62. Kerry Charlton says:


    My days during the week, repeat in an endless struggle for control as a center of activity between sub contractors, real estate developers, architects and the city development center.

    But on Sundays, riots of vivd hues and melodious music fill my day. An hour prior to first light, cardinals sing their enticements to their mates. My wife has learned to imitate their music and they sing back and forth to each other under a lush canopy of ancient oak trees and soaring cedar elms that had taken root in our yard many decades ago.

    Piercing rays of early light, dance through the trees, projecting images through our transom windows, settling their journey on the living room, slanted ceiling; moving down the walls as the sun rises from the horizon. Early shadows move so quickly you can watch them travel through the room. The sun’s rays rest on a mirrored sofa table and reverse course, traveling to the opposite wall of our living room.

    Outside, our north yard receives the most light. Passion vines and coral vines scoot up the side fence, traveling over the red-tip photinia hedges, whose new leaves shimmer a bright crimson in the morning light. Jumping into the trees, the vines join the morning glories that claimed first territory. Passion vines flaunt their white, five petal flying saucers poking in and out the romantic pink, cascading coral vines. Purple morning glories decry their label, flowering all day in royal trumpets of majesty. By summer’s end, the morning glories will have won their battle for turf.

    Mourning dove, with their haunting melodies, and white wing gather in our back yard along with sparrows, chickadee, and the mocking bird, the pride of Texas. Perky house wren, their tails pointing skyward, join finch in the afternoon along with the majestic blue jay, always demanding fiull reign and attention. A lazy hawk, having taken residence in the tallest elm, circles the sky above the back yard, causing squirrels to chatter their warnings.

    Entwined at the base of the oaks, variegated vinca cling to the ground. Their leaves of moss green, captured in edges of soft white, bring forth small trumpet flowers of electric blue and purple.

    Dusk brings soft light descending on multi colored hibiscus bushes residing in pots on the back deck. Shasta daisies boast vivid pinks, yellows, reds and white blooms from below while climbing, crimson bougainvillea ascend back walls of our house. A new dusty white with faint, purple center bougainvillea has joined them this year.

    Night approaches; jasmine vines release a sweet remembrance of high school corsages, cardinals reprive their morning concert and our night visitors arrive; stealthfully their hooves make impressions on soft grass in our front yard and the white tail settle carefully on the lawn, ever vigilant, their gazes watching the evening for us.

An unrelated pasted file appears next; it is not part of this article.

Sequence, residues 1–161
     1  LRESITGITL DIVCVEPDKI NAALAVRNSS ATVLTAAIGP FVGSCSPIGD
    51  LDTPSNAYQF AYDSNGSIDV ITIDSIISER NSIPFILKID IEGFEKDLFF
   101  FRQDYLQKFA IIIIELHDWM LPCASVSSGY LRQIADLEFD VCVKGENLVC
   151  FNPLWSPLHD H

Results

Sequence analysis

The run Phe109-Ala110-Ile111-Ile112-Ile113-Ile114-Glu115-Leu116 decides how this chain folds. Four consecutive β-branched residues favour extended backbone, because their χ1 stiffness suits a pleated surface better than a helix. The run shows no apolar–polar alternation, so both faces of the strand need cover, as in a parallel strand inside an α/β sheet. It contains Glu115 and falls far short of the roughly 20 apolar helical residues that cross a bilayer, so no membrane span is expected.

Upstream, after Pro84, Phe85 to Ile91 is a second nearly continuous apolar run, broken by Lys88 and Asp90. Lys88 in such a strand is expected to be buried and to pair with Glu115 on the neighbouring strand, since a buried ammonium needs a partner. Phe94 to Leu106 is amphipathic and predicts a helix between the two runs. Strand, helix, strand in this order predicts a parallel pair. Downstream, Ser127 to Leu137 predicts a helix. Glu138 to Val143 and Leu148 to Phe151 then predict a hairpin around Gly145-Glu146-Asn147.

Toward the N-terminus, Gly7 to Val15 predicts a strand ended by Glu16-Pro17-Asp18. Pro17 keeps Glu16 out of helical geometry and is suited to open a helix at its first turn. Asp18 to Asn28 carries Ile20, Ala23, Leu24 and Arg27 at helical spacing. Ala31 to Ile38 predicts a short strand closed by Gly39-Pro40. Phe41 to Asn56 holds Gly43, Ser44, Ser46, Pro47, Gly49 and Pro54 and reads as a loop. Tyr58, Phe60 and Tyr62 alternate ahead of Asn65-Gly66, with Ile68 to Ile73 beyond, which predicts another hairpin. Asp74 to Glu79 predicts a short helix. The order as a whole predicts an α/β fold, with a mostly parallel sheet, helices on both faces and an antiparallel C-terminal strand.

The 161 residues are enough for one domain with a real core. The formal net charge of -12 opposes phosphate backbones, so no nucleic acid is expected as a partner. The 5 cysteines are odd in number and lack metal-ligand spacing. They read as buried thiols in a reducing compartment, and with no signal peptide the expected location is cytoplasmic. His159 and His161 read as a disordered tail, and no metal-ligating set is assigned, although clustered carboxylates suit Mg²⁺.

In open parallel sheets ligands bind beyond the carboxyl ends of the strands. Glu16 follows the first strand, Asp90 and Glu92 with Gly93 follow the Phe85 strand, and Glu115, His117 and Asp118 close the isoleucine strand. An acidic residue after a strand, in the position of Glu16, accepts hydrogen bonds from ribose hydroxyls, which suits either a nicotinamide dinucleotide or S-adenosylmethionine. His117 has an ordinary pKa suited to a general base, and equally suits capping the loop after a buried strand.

• swatchcat says:

      Beautiful. I have this picture painted in my mind.

    • smallster21 says:

      More rainbows Kerry? Lol :) Nice display of beautiful colors. If this is a description of your yard, well I’m feckin’ jealous. Lots of great imagery and descriptions. You could shake this up and tear apart into a nice poem. It was invigorating as I read as good poetry on nature tends to do. It makes me want to go run around my house on this sunny morning.

      I like how you started the first paragraph with a brief glimpse at the stressors of life. It contrasted nicely with the rest of the piece. Makes you feel the importance of pausing on the beautiful and good things in life amidst all the bad.

    • DMelde says:

      Nice story, nice yard.

    • douglangille says:

      A nice place to chill out and hang. Very good.

      • Kerry Charlton says:

        Thanks to all of you for the read and the nice comments. It is my yard. My next story will center around 15 years of heat stress, wasp stings, mosquite swarms, and invasive weeds we’ve been through, creating it. Thanks again. Kerry

  63. Kafi Zola says:

    Every day of the week before getting out of bed, I try to remember to thank the Lord for another day He has let me see. I say to myself and sometimes out loud, “this is the day that the Lord has made, I will rejoice and be glad in it.” Every day before getting out of bed, I mentally prepare myself for another workday. My assignments are no longer as challenging as they once were so every day of the week it is extremely difficult to face the workday. But Sundays are different. On Sundays, I do not have to get up as early. I do not have to think about work and how I am going to navigate another workday. On Sundays I do not have get up early. I can take a bath later in the day. I do not have to dash out of the house by a certain time to catch a bus that will get me to work by 7:30. On Sundays, I can choose to do whatever I want to do and I have the option of doing nothing. This is how Sundays are different for me.

  64. I am Freeman says:

    Every day of the week I am hyper vigilant, keeping guard against that part of me that would lash out and hurt others. Every day of the week I center myself before heading out into the community where vulnerable people live and interact. Every day of the week I look the other way, avoid contact with the innocent ones that can be easily harmed, mistreated or abused in one form or another. Every week I load a bag of bananas in the car so I can give them to the homeless people begging for food at the street corners, every day of the week I choose bananas because most of the homeless people don’t have enough teeth to eat hard fruit, such as apples, or even peaches. Every day of the week I am the guardian of the innocent, the God I Am.